These endless boondoggles are just attempts to define new markets and suck down millions of dollars from hapless customers and are nothing but a distraction from our real job as I.T. professionals -- helping our customers do THEIR job better and make more money for their own companies. As long as we keep conveniently forgetting why we exist, and that we are a cost of doing business -- not the business itself -- the business side of the house will always be looking for new ways to outsource or otherwise control our endless costs.

It's time to wake up and build the software people want.


There are  - loading -  comments....

re: Enterprise Social Software u2013 Yet Another Boondoggle By Vitor Pereira on 12/14/2012 at 05:17 AM EST
Although I do agree with you about the whole thing being over-hyped as usual by
an industry that indeed tends to create solutions looking for problems there
are a couple things I see differently.

1. Profiles: It's not about my profile and I shouldn't be obsessed with it. You
make it sound like paranoia or something. What I care about is being able to
find people that can help me get the job done and maybe avoid sub-contracting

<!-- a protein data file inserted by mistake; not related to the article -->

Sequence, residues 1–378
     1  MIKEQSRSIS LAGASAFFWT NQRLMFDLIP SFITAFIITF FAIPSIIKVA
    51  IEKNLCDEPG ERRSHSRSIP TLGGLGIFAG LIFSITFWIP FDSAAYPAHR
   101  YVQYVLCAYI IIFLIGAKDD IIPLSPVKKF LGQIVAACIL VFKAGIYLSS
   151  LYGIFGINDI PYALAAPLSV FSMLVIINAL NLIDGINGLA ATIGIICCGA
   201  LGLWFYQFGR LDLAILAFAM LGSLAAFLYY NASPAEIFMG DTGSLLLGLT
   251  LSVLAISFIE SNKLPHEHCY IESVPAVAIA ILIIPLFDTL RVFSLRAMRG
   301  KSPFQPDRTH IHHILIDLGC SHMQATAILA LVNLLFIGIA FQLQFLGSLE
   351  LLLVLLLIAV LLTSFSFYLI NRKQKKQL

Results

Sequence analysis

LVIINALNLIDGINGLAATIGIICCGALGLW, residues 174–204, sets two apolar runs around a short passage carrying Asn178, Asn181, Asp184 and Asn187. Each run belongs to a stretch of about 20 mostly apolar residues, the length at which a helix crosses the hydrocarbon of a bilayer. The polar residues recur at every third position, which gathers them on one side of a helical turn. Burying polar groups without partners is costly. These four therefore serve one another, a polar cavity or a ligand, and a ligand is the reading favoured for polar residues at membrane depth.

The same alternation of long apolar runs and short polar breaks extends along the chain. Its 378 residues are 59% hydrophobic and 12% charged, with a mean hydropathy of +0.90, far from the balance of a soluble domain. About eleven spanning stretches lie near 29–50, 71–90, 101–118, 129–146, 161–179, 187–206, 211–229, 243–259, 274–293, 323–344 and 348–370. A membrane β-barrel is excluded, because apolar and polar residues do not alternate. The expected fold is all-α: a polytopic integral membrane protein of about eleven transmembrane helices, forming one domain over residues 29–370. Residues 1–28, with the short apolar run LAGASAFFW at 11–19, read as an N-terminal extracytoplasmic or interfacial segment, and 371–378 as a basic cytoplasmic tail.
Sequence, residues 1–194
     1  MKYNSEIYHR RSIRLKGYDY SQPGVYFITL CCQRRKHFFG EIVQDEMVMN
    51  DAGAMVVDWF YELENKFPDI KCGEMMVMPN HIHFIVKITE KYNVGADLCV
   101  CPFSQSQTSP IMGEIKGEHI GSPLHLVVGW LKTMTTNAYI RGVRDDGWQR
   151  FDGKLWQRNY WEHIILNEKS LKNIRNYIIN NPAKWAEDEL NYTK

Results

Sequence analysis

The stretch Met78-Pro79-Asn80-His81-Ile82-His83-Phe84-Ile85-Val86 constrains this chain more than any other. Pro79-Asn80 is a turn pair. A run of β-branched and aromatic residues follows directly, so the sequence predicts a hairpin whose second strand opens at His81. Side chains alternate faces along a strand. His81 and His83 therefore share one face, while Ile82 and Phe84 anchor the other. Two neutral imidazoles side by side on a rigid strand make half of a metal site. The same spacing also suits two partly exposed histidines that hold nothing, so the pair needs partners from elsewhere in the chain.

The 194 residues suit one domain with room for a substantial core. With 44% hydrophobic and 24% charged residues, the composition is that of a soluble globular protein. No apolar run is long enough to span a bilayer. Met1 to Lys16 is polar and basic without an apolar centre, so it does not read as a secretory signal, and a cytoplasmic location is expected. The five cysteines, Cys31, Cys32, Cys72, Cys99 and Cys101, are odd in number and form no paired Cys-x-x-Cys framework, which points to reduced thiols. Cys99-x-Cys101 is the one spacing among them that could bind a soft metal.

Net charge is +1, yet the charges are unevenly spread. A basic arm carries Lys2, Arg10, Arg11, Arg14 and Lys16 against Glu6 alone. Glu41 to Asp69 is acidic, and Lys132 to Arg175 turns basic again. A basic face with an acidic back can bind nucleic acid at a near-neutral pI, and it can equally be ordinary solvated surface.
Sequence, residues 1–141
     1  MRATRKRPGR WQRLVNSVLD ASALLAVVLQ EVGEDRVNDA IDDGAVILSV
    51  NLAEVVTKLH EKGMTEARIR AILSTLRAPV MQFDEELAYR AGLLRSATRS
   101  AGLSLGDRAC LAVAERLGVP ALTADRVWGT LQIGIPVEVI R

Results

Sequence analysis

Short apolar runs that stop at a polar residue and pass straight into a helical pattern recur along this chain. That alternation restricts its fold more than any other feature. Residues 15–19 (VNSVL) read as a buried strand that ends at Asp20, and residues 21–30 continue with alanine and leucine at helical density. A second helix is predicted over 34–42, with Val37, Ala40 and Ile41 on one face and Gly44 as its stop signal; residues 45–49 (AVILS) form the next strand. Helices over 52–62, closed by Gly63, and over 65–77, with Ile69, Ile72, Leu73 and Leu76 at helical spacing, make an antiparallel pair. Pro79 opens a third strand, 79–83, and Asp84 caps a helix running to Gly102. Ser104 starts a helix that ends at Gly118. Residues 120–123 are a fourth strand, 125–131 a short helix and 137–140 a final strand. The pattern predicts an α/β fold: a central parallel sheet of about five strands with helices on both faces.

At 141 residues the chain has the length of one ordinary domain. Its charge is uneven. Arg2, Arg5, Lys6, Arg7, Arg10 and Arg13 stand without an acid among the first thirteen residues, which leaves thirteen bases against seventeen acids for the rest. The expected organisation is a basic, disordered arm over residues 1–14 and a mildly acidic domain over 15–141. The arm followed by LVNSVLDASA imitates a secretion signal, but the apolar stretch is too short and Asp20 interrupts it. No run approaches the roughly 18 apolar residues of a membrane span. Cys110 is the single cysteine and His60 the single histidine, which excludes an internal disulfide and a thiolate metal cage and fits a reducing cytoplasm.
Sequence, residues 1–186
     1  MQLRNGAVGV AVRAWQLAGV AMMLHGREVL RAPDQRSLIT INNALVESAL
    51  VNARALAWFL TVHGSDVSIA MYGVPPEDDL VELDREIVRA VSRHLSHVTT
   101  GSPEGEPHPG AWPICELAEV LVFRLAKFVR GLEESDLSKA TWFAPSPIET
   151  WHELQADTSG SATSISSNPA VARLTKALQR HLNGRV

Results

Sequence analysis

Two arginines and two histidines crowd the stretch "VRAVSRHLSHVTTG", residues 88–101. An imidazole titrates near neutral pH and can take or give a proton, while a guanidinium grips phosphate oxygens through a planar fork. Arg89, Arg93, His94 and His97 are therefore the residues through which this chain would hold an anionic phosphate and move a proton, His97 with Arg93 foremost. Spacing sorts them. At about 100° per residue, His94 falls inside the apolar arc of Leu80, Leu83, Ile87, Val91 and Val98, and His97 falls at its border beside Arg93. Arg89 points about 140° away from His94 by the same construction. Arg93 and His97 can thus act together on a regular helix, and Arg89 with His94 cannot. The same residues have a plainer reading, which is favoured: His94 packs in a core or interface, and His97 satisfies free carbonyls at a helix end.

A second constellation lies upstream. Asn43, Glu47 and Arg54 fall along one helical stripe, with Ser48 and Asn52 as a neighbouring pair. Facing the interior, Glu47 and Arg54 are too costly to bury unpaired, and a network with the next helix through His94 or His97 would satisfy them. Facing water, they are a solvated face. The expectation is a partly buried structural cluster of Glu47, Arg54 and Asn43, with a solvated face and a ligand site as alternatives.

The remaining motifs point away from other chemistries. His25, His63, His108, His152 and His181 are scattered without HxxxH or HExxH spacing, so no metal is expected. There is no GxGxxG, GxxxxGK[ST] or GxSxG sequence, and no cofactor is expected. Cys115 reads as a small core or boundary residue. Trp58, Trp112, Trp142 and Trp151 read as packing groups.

outside the company when I do have a resource inside. And yes, I'll keep mine
updated so that others can find me too. Question, why do you have a LinkedIn
profile?

3. Document Repositories: Documents & Streams? Say what?

4. Workflow: if you talking about Connections, yes. Bloody expensive and
painful to customize and you can forget about functionality ever being on par.
But hey, do you need to customize it? Are the extensibility points not enough
to easily bring in your Domino apps? I don't know the answer either, yet.
Debate.

Major gripes I have with this particular product is lack of consistency between
apps (who ever brought in the new mail piece with spell checking and left it
out of the other editors should be taken around the back and shot. Twice).
Amongst other things I attribute this to different parts of the product having
different product managers. I wonder if they know each other.
The wiki is also a joke, I stopped trying to bring people in who have been
using wikis for ages. It's game over when they see the wiki in Connections. I
quit trying when they threatened to tie me to a tree outside in the cold winter
and leave me to die if I didn't shut up about it.
re: Enterprise Social Software u2013 Yet Another Boondoggle By Andrew Magerman on 12/14/2012 at 08:05 AM EST
Hear, hear!

1

I have just about reached saturation point with Social Business. One of the